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I am not what I am. Explore Shakespeare(TM)s presentation of Iago

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"I am not what I am." Explore Shakespeare's presentation of Iago Iago is a truly sophisticated and a compelling villain. He is a Machiavelli much like Shakespeare's Richard the third and through a thorough diagnosis of his character it would seem that Iago is inherently evil. Iago is a classic 'Jekyll and Hyde' character, a role which he plays well, a so-called "honest" man by many characters in the play but in reality his characterisation is that of the "devil". From the moment he utters his first words on stage it is evident to the audience that Iago is a duplicitous, manipulative yet intelligent character who acts as the catalyst for most of the tragic events in the play. Iago is a character consumed with jealously, loathing and yet his tact is presented in a decidedly and socially acceptable fashion. Iago displays a great talent for manipulation and deceit. He can very easily manipulate the desires and insecurities of those around him, thus making him both a powerful and compelling figure. Shakespeare places him in a position of extreme power, Iago is the one that all of the characters trust and confide in and he uses this to his advantage. It is very clear to an audience that Iago enjoys being the one in control and therefore doesn't need much to convince himself that what he is doing is right. ...read more.


As the play continues, Iago's utter contempt for both morality and honesty is revealed, his loyalty is to himself and himself alone. We see that Iago does not trust anyone, as he would depict this as a weakness or character flaw. However ironically as aforementioned many of thee characters for example Othello, both confide and trust Iago entirely. He himself states that he is, "an honest man" , such statements are inserted into conversations with Othello, " I am your own forever" and Roderidgo which influence this characters to believing what Iago says is the truth. Shakespeare presents Iago as a man who is strong in language. Iago's language is well structured and clever. He uses language as the best weapon in his arsenal to persuade and convince the characters in the play that he is acting justly in his actions, he is the one to trust and doing his will is the right thing to do. Iago's language continually changes throughout depending on to whom he is speaking. At different points in the play Iago slips between prose and verse, allowing him quickly change in order to suit different characters and purpose thus displaying his true conniving nature. This is evident in Iago's blunt prose when speaking with Roderigo conveying an immoral character. Also Iago's conversations with Roderigo in particular make elaborate use of vegetable metaphor. ...read more.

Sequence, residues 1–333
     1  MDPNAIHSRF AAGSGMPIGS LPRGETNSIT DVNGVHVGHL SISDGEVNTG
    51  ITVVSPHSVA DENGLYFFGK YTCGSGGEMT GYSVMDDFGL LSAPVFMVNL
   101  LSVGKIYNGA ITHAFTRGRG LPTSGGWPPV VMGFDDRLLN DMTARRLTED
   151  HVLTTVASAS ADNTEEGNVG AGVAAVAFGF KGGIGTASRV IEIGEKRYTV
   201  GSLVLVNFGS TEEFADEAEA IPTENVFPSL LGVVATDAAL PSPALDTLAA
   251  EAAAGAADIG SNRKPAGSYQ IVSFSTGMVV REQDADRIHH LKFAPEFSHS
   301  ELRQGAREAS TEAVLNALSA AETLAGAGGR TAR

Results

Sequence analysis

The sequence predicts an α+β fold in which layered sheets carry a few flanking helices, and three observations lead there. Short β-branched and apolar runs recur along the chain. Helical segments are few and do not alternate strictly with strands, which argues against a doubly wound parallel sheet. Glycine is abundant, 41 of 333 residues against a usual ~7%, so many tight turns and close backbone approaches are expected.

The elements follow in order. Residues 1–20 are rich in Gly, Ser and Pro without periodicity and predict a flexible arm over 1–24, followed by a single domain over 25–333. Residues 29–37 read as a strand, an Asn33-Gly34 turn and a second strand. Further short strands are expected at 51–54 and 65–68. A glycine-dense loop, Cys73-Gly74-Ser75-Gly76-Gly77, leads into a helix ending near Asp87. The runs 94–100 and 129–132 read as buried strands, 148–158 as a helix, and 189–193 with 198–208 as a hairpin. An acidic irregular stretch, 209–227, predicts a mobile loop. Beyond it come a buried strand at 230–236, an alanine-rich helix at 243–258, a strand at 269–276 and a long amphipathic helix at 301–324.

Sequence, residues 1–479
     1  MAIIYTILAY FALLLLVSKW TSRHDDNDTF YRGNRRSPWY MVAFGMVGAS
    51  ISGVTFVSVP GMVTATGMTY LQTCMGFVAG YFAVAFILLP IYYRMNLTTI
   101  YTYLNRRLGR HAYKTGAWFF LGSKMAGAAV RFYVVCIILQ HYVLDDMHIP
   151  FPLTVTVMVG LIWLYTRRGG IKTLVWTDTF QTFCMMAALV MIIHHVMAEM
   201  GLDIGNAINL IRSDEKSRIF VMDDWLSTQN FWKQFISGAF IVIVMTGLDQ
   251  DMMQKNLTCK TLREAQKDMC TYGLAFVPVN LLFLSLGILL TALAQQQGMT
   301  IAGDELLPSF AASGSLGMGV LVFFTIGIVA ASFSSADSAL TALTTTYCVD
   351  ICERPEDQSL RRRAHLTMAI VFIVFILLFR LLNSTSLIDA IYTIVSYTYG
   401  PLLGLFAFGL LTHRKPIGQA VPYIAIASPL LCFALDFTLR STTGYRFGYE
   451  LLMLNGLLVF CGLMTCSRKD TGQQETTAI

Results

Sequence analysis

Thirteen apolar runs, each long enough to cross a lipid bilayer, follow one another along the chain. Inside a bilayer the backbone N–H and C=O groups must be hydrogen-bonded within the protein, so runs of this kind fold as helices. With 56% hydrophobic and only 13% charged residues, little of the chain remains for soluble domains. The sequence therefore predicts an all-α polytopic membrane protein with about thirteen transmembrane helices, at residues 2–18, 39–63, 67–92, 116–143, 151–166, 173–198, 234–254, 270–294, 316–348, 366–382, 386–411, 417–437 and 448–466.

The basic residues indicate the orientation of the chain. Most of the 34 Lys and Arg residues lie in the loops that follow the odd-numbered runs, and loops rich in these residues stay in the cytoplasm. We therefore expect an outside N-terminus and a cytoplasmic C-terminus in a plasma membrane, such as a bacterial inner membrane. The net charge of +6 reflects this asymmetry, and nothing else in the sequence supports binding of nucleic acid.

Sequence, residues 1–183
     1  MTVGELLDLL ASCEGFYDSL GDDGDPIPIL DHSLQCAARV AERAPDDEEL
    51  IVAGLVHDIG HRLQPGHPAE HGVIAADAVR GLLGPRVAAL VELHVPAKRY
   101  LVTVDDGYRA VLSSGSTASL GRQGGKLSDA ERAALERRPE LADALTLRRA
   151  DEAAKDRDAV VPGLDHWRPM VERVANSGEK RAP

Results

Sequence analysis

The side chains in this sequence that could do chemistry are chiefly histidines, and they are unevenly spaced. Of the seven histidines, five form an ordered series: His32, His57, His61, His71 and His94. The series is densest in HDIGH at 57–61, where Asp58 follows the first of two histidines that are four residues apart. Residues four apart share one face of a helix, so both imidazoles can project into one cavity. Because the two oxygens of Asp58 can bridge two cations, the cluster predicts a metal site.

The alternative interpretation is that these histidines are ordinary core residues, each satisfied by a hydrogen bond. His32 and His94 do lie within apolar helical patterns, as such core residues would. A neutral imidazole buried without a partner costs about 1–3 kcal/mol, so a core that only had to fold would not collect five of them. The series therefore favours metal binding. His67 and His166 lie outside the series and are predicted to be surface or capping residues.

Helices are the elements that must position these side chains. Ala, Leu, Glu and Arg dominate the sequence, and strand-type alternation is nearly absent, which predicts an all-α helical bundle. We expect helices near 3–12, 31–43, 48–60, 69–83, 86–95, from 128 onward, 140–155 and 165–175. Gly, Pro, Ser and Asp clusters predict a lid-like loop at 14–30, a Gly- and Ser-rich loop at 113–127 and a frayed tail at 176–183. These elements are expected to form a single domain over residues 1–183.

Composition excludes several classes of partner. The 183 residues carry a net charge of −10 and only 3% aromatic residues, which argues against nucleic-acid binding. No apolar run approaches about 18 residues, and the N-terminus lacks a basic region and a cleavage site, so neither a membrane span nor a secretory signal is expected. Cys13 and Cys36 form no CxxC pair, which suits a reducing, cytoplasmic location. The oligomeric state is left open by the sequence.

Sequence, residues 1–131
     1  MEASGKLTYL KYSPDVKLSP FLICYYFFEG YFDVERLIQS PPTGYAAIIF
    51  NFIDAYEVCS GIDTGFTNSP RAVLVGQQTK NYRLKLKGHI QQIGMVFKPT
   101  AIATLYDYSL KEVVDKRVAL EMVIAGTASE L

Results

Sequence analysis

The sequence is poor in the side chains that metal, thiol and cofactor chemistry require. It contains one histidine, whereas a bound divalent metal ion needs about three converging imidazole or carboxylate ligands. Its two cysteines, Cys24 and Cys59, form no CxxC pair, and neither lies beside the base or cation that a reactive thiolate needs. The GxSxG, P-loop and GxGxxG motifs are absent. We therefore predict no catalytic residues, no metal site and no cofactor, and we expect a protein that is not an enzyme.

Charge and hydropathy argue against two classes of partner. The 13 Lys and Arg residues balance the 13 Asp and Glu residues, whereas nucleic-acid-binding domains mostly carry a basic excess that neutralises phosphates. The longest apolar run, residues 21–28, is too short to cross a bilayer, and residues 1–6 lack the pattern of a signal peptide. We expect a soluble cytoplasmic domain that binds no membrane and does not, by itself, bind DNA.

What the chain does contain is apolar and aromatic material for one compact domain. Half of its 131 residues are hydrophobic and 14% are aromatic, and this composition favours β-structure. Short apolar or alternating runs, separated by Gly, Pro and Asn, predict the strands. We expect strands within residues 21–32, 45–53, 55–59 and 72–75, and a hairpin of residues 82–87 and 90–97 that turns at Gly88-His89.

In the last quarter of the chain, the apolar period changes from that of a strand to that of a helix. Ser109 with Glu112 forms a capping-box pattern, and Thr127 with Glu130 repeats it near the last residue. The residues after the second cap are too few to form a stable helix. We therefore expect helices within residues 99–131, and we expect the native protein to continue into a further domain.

This in a way undermines his own success because he does not no where to stop, he can not see that his own destruction is coming. Throughout the play the imagery of a spider drawing his net to catch his prey is constantly used, "I shall ensnare them all". So just like a spider, Iago has set his web and nothing can stop him now. Although Iago is caught out in his ruthless actions as the play draws to a close, he still appears to hold authority over each character. As he has indeed succeeded in his original intent, to "enmesh them all" and cause Othello's destruction. However Iago refuses to justify his actions, "Demand me nothing; what you know, you know", which is indeed ironic and Iago remains some what inscrutable. Overall Shakespeare has presented a character of extreme wit and intelligence while also presenting a character capable of extreme deceit and manipulation. We as an audience can even find ourselves victims of his manipulation however through his language and wit we find ourselves on his side. Although there is lack of convincing motivation, his language and his ability to influence the characters and the audience, make it seem otherwise. Although an extremely heinous character, in my opinion Iago is admirable for his intelligence, quick improvisation and is in fact a genius in his actions. A perfect construction by Shakespeare, that shows us character flaws in ourselves and therefore a great deal of empathy can be build up with the character of Iago. ...read more.

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